“My father never told me to do that.”
‘That’ referred to a journey of giving – a giving of time, resources, connections, ideas etc, that is beyond money – that Mr Hsieh Fu Hua (’74), Chairman of the National University of Singapore (NUS) Board of Trustees, embarked on at different stages in his life.
Guests at the NUS Giving Networking and Fireside Chat event were able to catch an intimate glimpse of what goes on in the mind of the man who started his own charity – BinjaiTree.
“I grew up in a humble setting living in a three-room public flat. With a humble family background, attending an elite school was quite daunting as fundraising was a routine activity. It was expected of all students and as I had no resources to draw from home, I resorted to knocking on the doors of strangers to raise funds,” Mr Hsieh described how his fundraising journey began.
“But I also grew up in a giving family. My father was very generous. He didn’t have money to give. But every weekend, we would have at least five, or even up to 10 children from a boys’ home spend the weekend with us in our small flat. They would eat and sleep overnight. I grew up understanding that giving is not just about money, but about the giving of yourself. So when people ask me what motivates me? I say there are no big ideas in my giving. How I started my journey is really my sense of being. It’s who I am. I learnt very early on to share,” Mr Hsieh revealed.
This foundation of giving was further strengthened when Mr Hsieh went to University. At NUS, he found opportunities to express himself in community service and launched a few projects, including an organ donation campaign. “I realised that these foundations that were laid would continue to be with me and reappear again later in life. I went through a ‘hibernation period’ to start a family and climbed the corporate ladder, and for a number of years, I left that behind. It all came back again in my 40s, and more so when I embraced a new faith,” he shared.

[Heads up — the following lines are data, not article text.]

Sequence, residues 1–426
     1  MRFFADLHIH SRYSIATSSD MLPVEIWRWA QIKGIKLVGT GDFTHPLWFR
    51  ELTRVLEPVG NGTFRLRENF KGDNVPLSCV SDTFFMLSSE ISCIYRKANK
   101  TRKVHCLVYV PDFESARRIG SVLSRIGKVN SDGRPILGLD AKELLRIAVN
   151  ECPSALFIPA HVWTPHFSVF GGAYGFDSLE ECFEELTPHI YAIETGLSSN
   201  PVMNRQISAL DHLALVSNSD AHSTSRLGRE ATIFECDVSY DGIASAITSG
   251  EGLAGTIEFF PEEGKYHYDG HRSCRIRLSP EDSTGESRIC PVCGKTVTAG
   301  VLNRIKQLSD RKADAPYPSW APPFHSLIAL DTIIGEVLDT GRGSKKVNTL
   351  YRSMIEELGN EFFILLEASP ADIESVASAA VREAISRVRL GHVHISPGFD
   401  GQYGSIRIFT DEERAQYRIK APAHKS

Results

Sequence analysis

When people asked why he started BinjaiTree, he emphasised that his intention was to start a charity that did not just give money, but also to create sustainable projects related to giving.
“I look at it like a venture capitalist. Funds are used to start new ideas, and to support enterprising people and worthy causes. Support can come not just in the form of money, but through connections, ideas, mentoring and of course, helping people to succeed,” he explained.
Faced with so many areas of need, Mr Hsieh is drawn to causes that connect to his realm and move him.
“So what moves me? One key area is the field of mental health, which is becoming a very widespread issue, and so I support charities in this field. I contribute towards education and the arts as well. However, I also believe it is just as important to look beyond personal interests and to support what’s important to others. I do like to work on a collaborative basis, and through time and numerous collaborations, my giving journey is enriched,” affirmed Mr Hsieh.
On nurturing the giving spirit in NUS students, Mr Hsieh maintains that getting them to think about the community through various activities at the University may be the best way to start their giving journey.
“Once you cultivate the sense of community, the giving will come naturally,” he added.